July 26

Patmore Lewis

Heard on NPR from the news-talk program Tell Me More

Metropolitan Opera violinist Patmore Lewis hopes classical music and world beats will lend a hand to spread the word about river conservation. The renowned composer has released a new CD, Rillito River Project, to draw attention to the environment through pop and innovation. Lewis talks about his solo project and how he’s hoping to make an impact.

KORVA COLEMAN, host

This is Tell Me More from NPR News, I’m Korva Coleman. Fans of classical music know that the genre can be sometimes a little hard to penetrate. Well, musician Patmore Lewis is trying to change that. The violinist who plays for New York’s Metropolitan Opera is also a composer who brings the energy and innovation of today’s pop to classical music

(Soundbite of song “Welcome”

COLEMAN: That piece, “Welcome” was featured on Lewis’s 2003 album, “Da Capo(ph).” Now, in his new project Lewis infuses classical pieces with the sounds of nature. The “Rillito River Project” draws listeners into the fascinating landscapes surrounding Tucson, Arizona. And a portion of the proceeds from the CD benefit conservation efforts in the region. With us now to talk more about the music and the cause is Patmore Lewis. Patmore, welcome

Mr. PATMORE LEWIS (Musician): Thank you Korva. It’s great being here today

COLEMAN: Can you tell me, Patmore, how did you first get interested in playing the violin

Mr. LEWIS: Well, funny. I was staying with some relatives and aunts, as a matter of fact, in Boston. And she says, well, you know, if you’re going to study here, you’re going to have to learn some music. So she played piano. So my first instrument was actually piano and then organ. I played organ in church. Then I said to myself, well, you know, I want to pick my own instrument, because that was sort of picked by her but – and so I decided I want to play trumpet or percussion. And she said, not in my house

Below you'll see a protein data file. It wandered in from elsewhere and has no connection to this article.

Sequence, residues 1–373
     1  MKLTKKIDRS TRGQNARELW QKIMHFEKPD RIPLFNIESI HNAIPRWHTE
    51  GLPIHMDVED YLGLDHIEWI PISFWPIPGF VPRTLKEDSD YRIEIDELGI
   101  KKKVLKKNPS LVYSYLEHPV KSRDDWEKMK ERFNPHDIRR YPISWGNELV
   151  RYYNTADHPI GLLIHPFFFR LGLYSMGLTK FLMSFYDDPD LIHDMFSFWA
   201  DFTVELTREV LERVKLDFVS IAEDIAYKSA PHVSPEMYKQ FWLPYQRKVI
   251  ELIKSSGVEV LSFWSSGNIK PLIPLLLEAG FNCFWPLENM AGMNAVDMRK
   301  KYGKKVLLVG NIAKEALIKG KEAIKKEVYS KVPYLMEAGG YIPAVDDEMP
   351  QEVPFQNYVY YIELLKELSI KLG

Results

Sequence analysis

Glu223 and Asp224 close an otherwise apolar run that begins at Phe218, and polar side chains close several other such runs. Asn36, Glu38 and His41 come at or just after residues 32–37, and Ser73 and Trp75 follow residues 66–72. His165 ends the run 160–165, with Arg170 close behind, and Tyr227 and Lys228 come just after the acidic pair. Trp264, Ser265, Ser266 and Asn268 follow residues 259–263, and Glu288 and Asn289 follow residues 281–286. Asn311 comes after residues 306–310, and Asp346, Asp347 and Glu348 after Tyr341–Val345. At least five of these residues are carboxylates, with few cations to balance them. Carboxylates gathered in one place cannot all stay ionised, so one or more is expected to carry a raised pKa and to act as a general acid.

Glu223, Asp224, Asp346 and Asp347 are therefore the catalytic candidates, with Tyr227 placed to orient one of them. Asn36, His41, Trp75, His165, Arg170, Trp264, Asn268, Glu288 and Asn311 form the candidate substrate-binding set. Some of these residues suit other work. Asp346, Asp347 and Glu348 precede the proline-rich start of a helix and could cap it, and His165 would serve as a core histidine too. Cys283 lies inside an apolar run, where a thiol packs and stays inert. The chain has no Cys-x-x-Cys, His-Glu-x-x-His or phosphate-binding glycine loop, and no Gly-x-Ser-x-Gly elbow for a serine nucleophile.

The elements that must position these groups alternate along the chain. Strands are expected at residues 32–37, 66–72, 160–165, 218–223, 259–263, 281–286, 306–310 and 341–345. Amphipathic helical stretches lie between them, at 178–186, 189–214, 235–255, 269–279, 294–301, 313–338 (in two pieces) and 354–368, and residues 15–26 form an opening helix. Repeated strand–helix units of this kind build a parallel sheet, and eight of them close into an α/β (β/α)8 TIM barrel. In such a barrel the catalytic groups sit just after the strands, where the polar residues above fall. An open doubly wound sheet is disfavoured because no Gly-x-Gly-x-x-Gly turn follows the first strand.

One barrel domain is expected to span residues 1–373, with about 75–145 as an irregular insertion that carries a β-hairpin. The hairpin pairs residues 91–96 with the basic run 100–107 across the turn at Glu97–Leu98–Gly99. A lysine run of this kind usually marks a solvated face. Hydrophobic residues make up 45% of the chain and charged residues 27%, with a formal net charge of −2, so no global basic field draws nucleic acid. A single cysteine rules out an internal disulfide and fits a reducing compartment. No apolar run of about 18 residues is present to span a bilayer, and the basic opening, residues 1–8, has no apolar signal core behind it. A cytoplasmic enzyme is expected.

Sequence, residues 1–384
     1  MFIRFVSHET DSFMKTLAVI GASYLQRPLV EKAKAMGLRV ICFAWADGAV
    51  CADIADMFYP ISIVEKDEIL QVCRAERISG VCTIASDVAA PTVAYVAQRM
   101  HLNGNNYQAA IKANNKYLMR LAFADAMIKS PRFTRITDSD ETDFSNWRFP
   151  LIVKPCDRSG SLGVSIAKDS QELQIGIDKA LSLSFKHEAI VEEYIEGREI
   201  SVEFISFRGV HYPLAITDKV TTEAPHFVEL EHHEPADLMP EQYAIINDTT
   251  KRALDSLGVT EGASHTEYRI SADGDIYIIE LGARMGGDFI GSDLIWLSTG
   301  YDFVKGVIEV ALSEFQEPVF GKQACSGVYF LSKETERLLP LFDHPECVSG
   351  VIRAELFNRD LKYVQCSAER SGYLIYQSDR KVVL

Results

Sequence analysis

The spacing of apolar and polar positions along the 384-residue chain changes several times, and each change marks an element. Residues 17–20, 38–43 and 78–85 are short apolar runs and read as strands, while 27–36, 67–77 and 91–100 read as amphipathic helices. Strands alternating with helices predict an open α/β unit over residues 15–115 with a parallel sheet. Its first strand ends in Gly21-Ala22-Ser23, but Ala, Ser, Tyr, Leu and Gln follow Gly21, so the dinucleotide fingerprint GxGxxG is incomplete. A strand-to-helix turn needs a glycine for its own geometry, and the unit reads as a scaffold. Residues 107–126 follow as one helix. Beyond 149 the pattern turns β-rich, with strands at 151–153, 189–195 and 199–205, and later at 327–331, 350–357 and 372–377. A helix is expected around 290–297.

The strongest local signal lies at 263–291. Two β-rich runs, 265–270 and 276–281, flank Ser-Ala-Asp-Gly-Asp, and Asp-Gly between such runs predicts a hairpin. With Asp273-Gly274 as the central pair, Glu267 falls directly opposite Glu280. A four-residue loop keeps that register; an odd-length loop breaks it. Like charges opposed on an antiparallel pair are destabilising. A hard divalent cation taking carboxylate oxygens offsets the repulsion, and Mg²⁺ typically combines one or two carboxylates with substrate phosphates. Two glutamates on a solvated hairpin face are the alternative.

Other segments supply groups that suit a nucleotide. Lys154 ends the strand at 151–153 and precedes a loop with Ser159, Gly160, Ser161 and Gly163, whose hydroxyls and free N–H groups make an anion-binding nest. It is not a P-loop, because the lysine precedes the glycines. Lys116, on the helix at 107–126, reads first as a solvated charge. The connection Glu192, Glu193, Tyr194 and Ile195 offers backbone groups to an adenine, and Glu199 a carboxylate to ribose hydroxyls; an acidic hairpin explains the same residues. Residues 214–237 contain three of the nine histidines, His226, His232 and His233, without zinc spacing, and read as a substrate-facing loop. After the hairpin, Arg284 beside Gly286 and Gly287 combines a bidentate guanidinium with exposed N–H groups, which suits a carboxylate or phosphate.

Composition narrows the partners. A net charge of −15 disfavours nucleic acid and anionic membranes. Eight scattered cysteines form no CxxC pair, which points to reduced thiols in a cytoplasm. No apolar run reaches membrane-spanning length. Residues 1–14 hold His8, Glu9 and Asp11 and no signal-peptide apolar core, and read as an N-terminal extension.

(Soundbite of laughter

COLEMAN: Not the trumpet. I actually read that you picked up the violin as a form of rebellion

Mr. LEWIS: Exactly. I said, well, in that case, I’m going to play the violin and cello, because I wasn’t sure. So I played violin and cello for a couple of years, and then left the the cello and stayed with the violin. Turns out that I really loved it

COLEMAN: I’m surprised you didn’t take up the drums as rebellion. But, when did you realize you wanted to make classical music, the violin, your career

Mr. LEWIS: Well, it sort of just happened, because I was in school, you know, normally studying, and I thought that I was going to be in science. I was very interested in physics and astronomy. So I really considered doing that. But then everyone kept telling me, why, you play the violin so well. You play the piano. You should just stay with the violin. So, I sort of just went with the flow and ended up in music

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